Overall, if I was going to introduce someone to Classic Who, this is the story I would start with. It shows what can be done if you get a good script, a fantastic cast and a classic villain. 5/5

    Reply
  7. Kristaps Paddock

    Because I slammed recent two episodes, I feel impelled to sound in on a classic. This is the single best story in Classic Who, and it’s not even close. While some achieve greatness in script, sets, costumes, action, or other areas, this turns everything it touches to gold.

    The Genesis of the Daleks:
    • Brings in the Time Lords
    • Reboots the Daleks with no tired old tropes
    • Introduces arch-villain Davros
    • Imagines a huge world and pulls it off with great sets
    • Talks politics, but never loses the story
    • Spans SIX EPISODES with nary a wasted line
    • And to cap it all off, Tom Baker gives the best monologue in Who

    I give this an unqualified FIVE POINT ZERO. Absolute Masterpiece.

    Reply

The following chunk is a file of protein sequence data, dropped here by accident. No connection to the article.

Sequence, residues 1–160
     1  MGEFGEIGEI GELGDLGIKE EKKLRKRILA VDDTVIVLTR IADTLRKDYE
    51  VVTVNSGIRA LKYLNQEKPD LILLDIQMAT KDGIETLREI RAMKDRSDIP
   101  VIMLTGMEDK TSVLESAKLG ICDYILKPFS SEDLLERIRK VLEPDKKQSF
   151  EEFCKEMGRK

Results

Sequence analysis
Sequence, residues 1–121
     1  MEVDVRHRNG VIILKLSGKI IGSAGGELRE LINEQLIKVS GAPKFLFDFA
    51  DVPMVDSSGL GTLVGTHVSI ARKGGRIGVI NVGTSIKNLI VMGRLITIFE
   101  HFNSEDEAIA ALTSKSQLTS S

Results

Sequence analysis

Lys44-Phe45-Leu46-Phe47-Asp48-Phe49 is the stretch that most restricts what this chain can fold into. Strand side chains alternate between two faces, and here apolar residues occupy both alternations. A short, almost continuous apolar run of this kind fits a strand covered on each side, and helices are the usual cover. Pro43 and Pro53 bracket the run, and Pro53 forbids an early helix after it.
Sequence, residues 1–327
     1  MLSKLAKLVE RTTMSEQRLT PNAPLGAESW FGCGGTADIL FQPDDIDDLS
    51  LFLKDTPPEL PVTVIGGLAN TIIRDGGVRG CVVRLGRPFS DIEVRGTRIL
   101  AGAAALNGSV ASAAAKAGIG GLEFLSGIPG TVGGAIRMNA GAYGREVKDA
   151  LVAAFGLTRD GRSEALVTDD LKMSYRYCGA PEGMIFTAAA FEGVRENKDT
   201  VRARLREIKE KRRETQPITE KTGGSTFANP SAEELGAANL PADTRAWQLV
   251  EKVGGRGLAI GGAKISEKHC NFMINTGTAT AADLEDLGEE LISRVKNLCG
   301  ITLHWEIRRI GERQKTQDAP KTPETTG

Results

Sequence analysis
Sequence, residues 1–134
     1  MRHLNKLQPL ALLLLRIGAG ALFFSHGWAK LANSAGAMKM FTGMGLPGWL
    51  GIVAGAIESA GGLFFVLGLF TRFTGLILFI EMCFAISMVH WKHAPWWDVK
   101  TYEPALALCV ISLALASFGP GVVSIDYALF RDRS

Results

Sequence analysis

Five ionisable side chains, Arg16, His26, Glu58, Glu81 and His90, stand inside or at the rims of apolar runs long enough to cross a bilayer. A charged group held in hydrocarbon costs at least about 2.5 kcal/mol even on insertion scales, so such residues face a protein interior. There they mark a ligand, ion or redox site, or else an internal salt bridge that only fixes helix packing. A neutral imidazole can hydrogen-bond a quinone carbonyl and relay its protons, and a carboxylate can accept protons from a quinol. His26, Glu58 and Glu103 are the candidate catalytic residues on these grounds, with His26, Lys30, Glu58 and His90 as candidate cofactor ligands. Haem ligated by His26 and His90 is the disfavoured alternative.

8. Peter Zunitch

    AARRRGGHHHH! I forgot to get my review in!!!!

    Oh well, more space here means less editing. Here’s one slightly longer than usual…

    It’s hard to retcon an entire baseline story into such a large well-known arc. It makes one wonder how this was pulled off so successfully. Genesis is an immersive story that explains everything from why the Daleks were ensconsed in their city to why the Tharls lived in the wild. One could even deduce why over time he Daleks were forced to rely on static electricty. The only thing it doesn’t get around to is the wooden, metal stone chamelions that end up all over the place, but that’s totally forgivable.
    Davros is so different from anything else we’ve seen in the series so far that he steals every scene he is in on looks alone. He’s fascinating and intimidating. He’s charming and vile. We see why he came to be so powerful. (For more on that, see Big Finish’s, “I, Davros” series.”
    The sets are great but the visuals as a whole are quite dark. One might wish they took some artistic liberty with the brightness. The costuming, sound and direction are all above average, with the exception of some truly pantomime death scenes. The script is rather tight with some great character moments, and the pacing is ingeniously kept moving through all the character introductions by having the doctor passed as prisioner from one department to the next.